Gibraltar is not Ireland, says Kenny in defence of Brexit stance
Taoiseach insists British and EU assurances on Border and peace process are not ‘soft’
Taoiseach Enda Kenny: He rejected claims by Sinn Féin deputy leader Mary Lou McDonald that the EU negotiating document dealing with the North and the peace process “is vague and conditional”. Photograph: Darrin Zammit Lupi/Reuters
Taoiseach Enda Kenny has defended the Government’s approach to Brexit negotiations against sharp criticism that he had failed to get the same right of veto on Northern Ireland that Spain got on Gibraltar.
He also denied assurances to the Government on Ireland and Northern Ireland’s position were “soft”.
Mr Kenny rejected claims by Sinn Féin deputy leader Mary Lou McDonald that the EU negotiating document dealing with the North and the peace process “is vague and conditional”.
She said the Government had to act immediately to ensure the North gets special designated status within the EU.
Mr Kenny insisted, however, that the guidelines included a “very strong acknowledgement of our unique circumstances and special case, the need to protect the peace process and the Good Friday Agreement and our intention to maintain bilateral arrangements with the UK such as the common travel area”.
He added that Gibraltar was a different case from Ireland.
“Gibraltar joined the EU with the UK and any change in the status of Gibraltar is a matter between the UK and the kingdom of Spain.”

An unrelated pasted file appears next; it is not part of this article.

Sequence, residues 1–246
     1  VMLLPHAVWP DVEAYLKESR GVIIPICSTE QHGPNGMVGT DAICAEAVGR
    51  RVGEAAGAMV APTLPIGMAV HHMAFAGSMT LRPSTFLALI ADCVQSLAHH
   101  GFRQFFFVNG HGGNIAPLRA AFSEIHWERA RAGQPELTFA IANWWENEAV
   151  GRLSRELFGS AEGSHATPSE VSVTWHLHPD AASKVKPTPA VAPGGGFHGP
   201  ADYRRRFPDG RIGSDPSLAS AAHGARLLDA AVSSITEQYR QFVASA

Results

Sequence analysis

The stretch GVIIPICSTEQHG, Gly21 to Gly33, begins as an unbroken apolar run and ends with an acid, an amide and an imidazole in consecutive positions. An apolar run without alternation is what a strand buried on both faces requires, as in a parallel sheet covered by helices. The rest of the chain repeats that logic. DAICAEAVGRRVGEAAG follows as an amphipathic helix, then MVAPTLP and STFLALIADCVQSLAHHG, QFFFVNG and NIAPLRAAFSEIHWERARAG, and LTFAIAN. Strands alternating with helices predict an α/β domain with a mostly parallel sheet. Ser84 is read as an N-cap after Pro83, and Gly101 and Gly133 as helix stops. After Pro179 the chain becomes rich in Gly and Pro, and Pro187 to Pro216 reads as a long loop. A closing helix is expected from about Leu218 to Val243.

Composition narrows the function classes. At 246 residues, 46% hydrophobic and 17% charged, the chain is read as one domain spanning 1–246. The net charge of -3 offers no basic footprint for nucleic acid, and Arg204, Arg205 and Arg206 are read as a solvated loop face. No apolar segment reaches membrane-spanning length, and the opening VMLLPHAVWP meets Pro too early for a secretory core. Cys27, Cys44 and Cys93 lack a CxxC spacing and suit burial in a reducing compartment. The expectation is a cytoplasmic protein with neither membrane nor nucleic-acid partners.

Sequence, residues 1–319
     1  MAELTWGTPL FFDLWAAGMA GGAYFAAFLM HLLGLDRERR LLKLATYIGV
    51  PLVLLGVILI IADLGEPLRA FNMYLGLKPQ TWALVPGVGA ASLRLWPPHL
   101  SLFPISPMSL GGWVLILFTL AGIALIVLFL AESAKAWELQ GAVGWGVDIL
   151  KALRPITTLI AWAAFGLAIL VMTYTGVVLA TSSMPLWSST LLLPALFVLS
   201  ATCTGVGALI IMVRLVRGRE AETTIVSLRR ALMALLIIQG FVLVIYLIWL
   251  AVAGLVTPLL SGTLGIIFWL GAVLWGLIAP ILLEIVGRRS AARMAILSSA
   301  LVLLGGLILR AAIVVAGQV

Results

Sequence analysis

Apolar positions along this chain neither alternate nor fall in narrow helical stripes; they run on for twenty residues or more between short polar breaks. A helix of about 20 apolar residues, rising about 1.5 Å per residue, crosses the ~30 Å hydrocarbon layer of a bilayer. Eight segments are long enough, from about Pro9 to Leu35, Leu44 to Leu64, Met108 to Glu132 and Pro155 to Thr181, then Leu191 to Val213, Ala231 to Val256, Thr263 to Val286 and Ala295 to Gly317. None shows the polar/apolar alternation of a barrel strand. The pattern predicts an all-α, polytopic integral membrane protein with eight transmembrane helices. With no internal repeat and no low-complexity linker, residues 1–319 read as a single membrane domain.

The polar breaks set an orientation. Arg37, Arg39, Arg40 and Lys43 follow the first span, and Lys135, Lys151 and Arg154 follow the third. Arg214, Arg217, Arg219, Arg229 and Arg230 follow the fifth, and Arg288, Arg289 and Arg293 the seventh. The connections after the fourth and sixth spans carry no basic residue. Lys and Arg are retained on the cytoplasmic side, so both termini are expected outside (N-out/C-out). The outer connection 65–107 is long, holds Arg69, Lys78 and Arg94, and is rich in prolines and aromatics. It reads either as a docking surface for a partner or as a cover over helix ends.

Listen to World View
That was a “clear position and different from what applies here where we have a peace process, a Border, an international legally binding agreement and where priorities outlined by the Government are contained in the EU guidelines, the British prime minister’s letter and the European parliament letter”.
Labour’s Joan Burton said her understanding was that the Taoiseach had got a lot of “soft assurances from different people and I’m sure you feel a sense of achievement” but she questioned what would happen next.
Ms Burton said the Labour Party had repeatedly asked whether there would be an all-island dimension to the negotiations because there had been slippage in tourism, agriculture and agribusiness.
Mr Kenny said British prime minister Theresa May’s letter triggering Brexit stated that the UK “does not want to do anything to harm Ireland. It is not a soft assurance.”
Ms Burton said “the road to hell is paved with good intentions”.
Meanwhile, the British ambassador to Ireland Robin Barnett assured TDs at the European Union Affairs Committee that the British government had “a great deal of focus” on the issues arising for Ireland and the North from the process of Brexit.
Mr Barnett gave TDs a “categorical assurance” that the UK is mindful of its bilateral arrangements with the Republic, mentioned the common travel area specifically.
However, Mr Barnett avoided many of the TDs questions in his responses, preferring instead to quote from the statements of Ms May when pressed for information about the British government’s intentions.
He referred to the “deep and special partnership” Whitehall hoped to maintain with the EU and said he hoped a “bold and ambitious free trade agreement” could be concluded – sentiments previously heard from Ms May on a number of occasions.
Committee members asked a variety of questions on specific matters, including the customs union, Irish people in the UK and Scottish independence. Independent senator Gerard Craughwell asked about the position of Irish people entitled to British pensions, declaring an interest as one such person himself.
The ambassador undertook to ascertain the position and reply to him in due course.
Sinn Féin’s Seán Crowe said it was “infuriating” that the British government was treating people in the North as “second class citizens”.